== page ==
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Can You Sue Someone For Getting Injured on Their Property?

on  Premises Liability

If you get injured on someone else’s property, you might not know if you can file a claim or lawsuit against the homeowner. After all, your injuries have cost you a lot of money, and you need to obtain compensation for those injuries and lost time at work. 

Fortunately, you can file a claim or even sue someone for getting injured on their property. This includes grocery stores, big box stores like Walmart, landlords, and even homeowners. 

Under Florida premises liability laws, the owner of a property, including a home, is responsible for maintaining that property and keeping it free from dangerous hazards. A failure to do so can make the property owner or homeowner liable for any injuries suffered on their property. 

Whether you are an invitee, a licensee, or a trespasser will determine how liable the property owner is for injuries you suffered.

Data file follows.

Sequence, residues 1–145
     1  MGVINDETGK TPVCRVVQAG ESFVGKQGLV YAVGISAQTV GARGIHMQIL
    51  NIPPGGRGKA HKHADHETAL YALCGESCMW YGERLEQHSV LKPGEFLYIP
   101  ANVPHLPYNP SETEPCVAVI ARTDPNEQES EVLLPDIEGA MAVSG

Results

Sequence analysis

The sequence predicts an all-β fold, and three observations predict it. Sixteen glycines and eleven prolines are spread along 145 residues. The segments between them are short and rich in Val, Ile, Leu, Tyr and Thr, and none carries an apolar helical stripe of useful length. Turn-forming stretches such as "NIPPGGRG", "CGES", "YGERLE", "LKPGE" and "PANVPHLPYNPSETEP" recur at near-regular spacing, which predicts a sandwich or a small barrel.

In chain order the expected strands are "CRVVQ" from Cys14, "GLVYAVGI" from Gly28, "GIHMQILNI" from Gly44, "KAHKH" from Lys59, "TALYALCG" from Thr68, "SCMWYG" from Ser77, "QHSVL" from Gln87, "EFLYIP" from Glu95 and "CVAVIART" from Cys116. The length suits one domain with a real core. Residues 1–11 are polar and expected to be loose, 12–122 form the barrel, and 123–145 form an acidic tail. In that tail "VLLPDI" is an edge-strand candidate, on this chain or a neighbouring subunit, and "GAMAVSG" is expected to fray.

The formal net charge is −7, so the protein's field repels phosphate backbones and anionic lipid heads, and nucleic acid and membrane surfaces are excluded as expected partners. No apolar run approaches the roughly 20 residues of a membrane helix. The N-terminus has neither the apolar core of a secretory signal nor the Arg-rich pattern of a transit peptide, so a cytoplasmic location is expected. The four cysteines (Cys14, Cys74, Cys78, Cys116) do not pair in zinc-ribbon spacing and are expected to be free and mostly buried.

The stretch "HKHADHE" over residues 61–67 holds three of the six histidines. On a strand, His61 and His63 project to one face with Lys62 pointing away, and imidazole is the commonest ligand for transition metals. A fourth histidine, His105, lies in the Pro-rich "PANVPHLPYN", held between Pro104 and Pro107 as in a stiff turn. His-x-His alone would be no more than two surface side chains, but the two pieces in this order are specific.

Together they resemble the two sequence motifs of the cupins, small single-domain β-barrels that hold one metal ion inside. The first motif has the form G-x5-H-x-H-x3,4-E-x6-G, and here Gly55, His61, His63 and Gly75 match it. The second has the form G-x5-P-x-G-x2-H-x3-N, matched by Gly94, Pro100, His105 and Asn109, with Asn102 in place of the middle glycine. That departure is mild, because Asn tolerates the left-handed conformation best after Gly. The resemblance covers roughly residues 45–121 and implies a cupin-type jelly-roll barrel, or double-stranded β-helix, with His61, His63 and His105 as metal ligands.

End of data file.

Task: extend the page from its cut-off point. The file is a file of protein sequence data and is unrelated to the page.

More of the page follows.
An Invitee and Property Owner Liability

An invitee is a person who is invited onto a property by the owner or occupier to conduct business or other lawful activity. For example, customers of a store are considered invitees. Property owners have a higher duty of care to invitees than other visitors, such as licensees or trespassers. They must inspect the property for hazards and fix or warn their patrons about dangerous conditions. If the property owner fails to fulfill this duty of care and an invitee is injured, the owner may be liable for damages.

Here are some examples of how a business or property owner may be held liable for injuries on their property:

  • Failing to put out floor mats or mop up spills on floors
  • Not fixing broken stairwells, loose railings, or unsecured carpeting and rugs
  • Inadequate lighting in stairwells and in parking lots
  • Failing to plow snow and ice from parking lots
  • Negligent security
  • Elevator and escalator accidents
  • Faulty wiring and lack of fire alarms and sprinklers
  • Food poisoning

A Licensee and Property Owner Liability 

A licensee has the owner’s or occupier’s permission to be on the property as a guest and not conduct business. For example, a social guest in a home is considered a licensee. Property owners have a lower duty of care to licensees than to invitees.